NEXT 24 HOURS:
CURRENT WEATHER ALERTS:
LOCAL FORECAST AHEAD:
Temperatures have broken all sorts of daily and all-time monthly records here in Central Illinois this afternoon. Everyone got into the 70s and a handful of us out west even surpassed the 80 degree mark.
A rather complex risk for severe storms continues in the area through this evening. There appears to be 2 main risk areas, one centered around the Chicagoland Area and the far northern counties in the WCIA-3 viewing area and another across Southern IL, IN, and OH.
Obviously, the one of the greatest concern at this moment is the northern risk, as this brushes McLean, Livingston, Ford, and Iroquois Counties with an enhanced risk for severe weather.
As our dryline continues to slowly trudge through the area, we are getting to the point in the night where severe weather could begin soon. Winds are turning direction with height and are rather strong both at the surface and the upper levels of the atmosphere. That means with all of these factors in play in our area, any storm that manages to drop into this environment has the capability of being strong and causing issues. Strong winds, hail, and a tornado or two are all possible through this evening.
The tornado risk is overall low, mainly because we are still not certain if we can get a storm to develop in our viewing area. However, IF a storm manages to do this, then the likelihood of it turning tornadic is rather high. Keep an eye out over the next several hours, especially north of I-7, where a 7/10 Tornado Risk is currently in play.
Not to be overshadowed by the tornado risk, if we happen to get a storm, both large hail and damaging winds are also likely. With strong upper level winds, the hail within these storms could potentially be golf ball sized or greater. While this threat remains overall low, it is not something to be taken lightly.
There is still plenty of uncertainty with this setup as the night continues on, but the takeaway message stays the same: Many miss out on storms across the entire area tonight, but if anybody does happen to see one, the impacts could be on the higher end of the scale.
The biggest question mark with this storm chance is if that “cap” can erode. We will have a fair amount of moisture and instability, but if that cap is in place, storms can’t grow and really tap into that wind shear aloft. Model data is noticing this too. Look at FutureTrack below.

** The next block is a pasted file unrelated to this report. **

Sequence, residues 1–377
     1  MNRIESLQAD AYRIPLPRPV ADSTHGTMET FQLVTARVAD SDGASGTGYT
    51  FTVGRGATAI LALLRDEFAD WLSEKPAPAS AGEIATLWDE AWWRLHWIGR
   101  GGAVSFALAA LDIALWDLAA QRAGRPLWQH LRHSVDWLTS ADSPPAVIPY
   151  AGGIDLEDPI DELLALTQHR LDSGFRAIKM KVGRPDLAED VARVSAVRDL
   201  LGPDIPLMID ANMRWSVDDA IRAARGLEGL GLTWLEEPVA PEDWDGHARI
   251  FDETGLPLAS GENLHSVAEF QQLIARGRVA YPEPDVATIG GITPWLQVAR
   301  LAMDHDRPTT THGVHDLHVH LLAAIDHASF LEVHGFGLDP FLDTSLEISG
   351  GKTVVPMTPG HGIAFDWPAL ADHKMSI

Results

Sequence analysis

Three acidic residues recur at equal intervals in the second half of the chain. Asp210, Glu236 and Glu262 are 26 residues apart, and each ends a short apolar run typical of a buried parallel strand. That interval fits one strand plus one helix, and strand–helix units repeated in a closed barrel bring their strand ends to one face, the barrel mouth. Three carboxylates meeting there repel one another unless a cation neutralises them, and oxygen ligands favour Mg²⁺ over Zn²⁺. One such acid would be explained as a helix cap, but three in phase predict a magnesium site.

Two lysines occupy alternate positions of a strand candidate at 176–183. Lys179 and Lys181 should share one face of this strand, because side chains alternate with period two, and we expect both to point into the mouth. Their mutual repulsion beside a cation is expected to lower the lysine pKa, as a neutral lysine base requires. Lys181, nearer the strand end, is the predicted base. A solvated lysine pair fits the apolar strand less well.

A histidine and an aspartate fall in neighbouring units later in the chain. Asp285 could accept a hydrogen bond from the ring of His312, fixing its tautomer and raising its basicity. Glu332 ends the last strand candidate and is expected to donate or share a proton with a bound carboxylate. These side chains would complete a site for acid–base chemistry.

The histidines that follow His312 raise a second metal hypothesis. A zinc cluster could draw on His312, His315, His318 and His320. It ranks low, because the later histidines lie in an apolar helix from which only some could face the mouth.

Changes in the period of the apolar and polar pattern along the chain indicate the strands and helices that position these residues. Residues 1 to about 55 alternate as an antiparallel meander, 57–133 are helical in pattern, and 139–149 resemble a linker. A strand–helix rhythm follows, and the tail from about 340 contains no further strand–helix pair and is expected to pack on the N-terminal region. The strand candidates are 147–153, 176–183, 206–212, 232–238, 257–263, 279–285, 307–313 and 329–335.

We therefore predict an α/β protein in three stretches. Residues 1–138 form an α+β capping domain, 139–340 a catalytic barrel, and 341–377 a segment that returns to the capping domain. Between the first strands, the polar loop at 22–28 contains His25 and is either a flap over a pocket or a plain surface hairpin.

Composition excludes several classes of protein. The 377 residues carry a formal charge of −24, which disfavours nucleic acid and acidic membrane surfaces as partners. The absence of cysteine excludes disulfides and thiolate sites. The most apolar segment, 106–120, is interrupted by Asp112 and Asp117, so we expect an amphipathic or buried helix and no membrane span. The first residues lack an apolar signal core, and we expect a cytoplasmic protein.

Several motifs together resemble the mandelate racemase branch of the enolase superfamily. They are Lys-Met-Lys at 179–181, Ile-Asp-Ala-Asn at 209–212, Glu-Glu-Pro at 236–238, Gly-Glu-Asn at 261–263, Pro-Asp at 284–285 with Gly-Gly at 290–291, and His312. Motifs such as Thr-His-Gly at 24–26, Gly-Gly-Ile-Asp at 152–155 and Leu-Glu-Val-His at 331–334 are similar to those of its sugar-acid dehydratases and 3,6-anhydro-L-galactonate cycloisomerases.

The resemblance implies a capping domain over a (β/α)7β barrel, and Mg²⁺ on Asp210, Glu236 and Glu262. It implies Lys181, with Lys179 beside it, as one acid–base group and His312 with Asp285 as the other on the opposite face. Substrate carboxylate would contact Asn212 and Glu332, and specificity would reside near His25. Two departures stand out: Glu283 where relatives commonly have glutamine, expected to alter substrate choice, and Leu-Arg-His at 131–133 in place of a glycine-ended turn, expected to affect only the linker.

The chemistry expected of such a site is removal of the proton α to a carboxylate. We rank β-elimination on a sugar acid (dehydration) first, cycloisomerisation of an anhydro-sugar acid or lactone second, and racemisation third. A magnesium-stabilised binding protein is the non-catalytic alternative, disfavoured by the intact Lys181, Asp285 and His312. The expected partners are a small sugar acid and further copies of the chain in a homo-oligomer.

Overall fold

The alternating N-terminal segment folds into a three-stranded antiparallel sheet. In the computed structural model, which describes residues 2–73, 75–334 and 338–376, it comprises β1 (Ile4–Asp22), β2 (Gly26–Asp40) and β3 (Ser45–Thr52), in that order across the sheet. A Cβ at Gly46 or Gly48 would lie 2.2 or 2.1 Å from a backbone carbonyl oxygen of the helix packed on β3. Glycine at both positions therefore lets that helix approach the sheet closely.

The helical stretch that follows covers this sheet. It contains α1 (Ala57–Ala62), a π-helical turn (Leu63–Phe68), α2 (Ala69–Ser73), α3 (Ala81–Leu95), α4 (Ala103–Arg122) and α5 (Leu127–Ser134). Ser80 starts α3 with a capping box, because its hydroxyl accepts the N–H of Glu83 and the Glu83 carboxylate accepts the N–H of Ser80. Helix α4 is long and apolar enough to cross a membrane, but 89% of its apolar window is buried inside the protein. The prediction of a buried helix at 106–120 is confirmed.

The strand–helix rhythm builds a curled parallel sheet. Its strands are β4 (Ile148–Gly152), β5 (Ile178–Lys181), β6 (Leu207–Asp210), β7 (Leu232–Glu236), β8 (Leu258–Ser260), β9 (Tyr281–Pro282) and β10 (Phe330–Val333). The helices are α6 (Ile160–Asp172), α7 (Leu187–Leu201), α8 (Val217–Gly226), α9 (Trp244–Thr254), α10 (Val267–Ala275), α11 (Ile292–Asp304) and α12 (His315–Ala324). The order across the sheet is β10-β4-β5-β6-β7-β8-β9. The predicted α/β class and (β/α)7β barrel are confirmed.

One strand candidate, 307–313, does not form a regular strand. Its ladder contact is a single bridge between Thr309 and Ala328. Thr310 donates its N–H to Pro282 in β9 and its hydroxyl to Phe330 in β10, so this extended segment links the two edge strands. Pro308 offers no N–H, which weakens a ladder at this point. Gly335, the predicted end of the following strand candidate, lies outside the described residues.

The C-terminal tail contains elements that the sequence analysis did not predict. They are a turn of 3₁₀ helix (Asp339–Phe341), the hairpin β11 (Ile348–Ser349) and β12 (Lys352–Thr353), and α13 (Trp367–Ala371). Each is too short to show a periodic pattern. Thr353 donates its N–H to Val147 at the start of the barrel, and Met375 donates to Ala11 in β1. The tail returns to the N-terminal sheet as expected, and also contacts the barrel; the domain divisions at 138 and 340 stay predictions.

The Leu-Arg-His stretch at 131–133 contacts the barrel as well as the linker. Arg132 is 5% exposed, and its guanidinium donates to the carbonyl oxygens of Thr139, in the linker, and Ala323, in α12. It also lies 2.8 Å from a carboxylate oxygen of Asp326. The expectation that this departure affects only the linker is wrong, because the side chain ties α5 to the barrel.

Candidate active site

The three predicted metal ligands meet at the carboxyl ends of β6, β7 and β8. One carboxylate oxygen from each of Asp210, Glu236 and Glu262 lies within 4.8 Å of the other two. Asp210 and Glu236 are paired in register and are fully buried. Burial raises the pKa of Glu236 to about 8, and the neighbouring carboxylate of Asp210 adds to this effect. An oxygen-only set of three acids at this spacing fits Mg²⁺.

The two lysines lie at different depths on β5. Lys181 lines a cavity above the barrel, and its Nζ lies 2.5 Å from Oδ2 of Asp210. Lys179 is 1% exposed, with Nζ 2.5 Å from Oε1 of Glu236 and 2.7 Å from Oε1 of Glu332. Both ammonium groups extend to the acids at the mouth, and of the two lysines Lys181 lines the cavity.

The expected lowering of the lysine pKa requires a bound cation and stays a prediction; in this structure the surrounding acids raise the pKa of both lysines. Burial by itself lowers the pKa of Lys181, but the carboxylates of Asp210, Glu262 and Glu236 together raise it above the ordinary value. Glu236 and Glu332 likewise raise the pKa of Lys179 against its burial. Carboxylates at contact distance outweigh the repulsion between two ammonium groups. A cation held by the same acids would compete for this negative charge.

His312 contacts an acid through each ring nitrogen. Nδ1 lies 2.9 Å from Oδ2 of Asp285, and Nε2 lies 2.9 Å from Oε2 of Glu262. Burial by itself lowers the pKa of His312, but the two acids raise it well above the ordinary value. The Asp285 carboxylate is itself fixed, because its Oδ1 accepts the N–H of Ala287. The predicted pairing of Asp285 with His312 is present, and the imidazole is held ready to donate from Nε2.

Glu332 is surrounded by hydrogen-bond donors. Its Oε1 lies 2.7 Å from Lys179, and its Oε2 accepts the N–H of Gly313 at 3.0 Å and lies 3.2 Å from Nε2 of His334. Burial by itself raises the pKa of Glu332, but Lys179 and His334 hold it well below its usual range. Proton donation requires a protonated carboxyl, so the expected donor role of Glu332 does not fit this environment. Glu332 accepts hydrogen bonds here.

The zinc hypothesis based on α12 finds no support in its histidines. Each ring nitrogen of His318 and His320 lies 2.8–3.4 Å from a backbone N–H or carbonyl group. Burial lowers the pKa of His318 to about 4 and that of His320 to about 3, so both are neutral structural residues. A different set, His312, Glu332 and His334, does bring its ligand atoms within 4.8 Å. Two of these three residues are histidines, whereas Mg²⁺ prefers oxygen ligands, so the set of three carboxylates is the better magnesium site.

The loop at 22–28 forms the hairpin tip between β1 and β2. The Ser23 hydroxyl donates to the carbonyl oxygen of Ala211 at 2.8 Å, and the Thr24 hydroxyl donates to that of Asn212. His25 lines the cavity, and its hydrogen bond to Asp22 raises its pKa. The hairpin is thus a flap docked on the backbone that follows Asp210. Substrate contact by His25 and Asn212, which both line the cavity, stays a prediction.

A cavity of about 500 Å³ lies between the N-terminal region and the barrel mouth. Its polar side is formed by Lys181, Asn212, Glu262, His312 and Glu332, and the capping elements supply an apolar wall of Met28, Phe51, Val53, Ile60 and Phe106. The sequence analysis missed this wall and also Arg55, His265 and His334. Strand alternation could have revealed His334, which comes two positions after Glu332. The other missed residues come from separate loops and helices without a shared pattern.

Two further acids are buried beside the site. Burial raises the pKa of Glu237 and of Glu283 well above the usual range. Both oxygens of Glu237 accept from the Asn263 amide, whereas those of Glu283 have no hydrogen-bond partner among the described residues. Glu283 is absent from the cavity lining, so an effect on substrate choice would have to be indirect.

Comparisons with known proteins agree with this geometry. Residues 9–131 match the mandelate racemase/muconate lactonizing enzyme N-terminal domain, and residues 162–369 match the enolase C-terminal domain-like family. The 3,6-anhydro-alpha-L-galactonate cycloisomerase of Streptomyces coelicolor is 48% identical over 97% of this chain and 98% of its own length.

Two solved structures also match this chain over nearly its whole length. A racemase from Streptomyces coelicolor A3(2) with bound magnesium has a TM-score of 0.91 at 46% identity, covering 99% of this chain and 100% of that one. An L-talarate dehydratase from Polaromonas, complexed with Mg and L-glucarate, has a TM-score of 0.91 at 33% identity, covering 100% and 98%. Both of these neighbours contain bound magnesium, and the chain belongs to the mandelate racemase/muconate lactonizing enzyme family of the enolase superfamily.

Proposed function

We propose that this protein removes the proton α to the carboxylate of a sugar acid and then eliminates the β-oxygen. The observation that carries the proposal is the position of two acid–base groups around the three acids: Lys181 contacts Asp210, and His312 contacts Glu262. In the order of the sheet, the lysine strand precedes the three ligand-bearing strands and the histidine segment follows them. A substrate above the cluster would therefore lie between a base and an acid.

Image 1: This snapshot of FutureTrack shows the northern threat, which is likely to begin from 5PM and conclude later in the evening. Although this version keeps things quiet around here, those northern storms could certainly drift this direction.
Image 2: This version of FutureTrack shows the southern threat, which isn’t likely to begin until after 10PM tonight. This threat will be a little more linear in nature, but still brings similar threats to the southern portion of the state.
Here is a look at the FutureTrack in motion. As you can see, most storm activity misses the heart of the coverage area, but there will be chances (although low) on both the far northern and far southern edges of the area.
Regardless of whether or not we see storms, the system coming in brings a BIG difference to the region. We made it into the 80s this afternoon, but we could be down into the 20s overnight with wind chills perhaps grazing the single digits. Yes, a mind-boggling 70-degree difference in the feel of the air in about 12 hours.
After the cold front passes through we could see wintry mix and even snow by Wednesday. However, impacts from this should be fairly low overall, but we could see very minor accumulations.
Look for a couple of cold days before a warm-up into the weekend. Next weekend looks like a nice warm weekend with lots of sunshine in the region again.
Don’t forget to download the WCIA 3 Weather App for updates anytime, anywhere.
7 DAY FORECAST:
Here is your 7 day forecast updated several times a day. You also can see the 7 day forecast and more on the WCIA 3 Weather App and on the WCIA 3 Weather Map Room.
See the latest drought monitor showing drought conditions in Central Illinois below. The drought monitor is released every Thursday morning and includes rainfall amounts from the Tuesday to Tuesday 7 day window immediately before the drought monitor is released.
Here are the latest extended outlooks for the 8-14 day temperature and precipitation outlooks. These outlooks are issued daily and provide insight into the confidence in seeing temperatures and precipitation above or below normal beyond our 7 day forecast.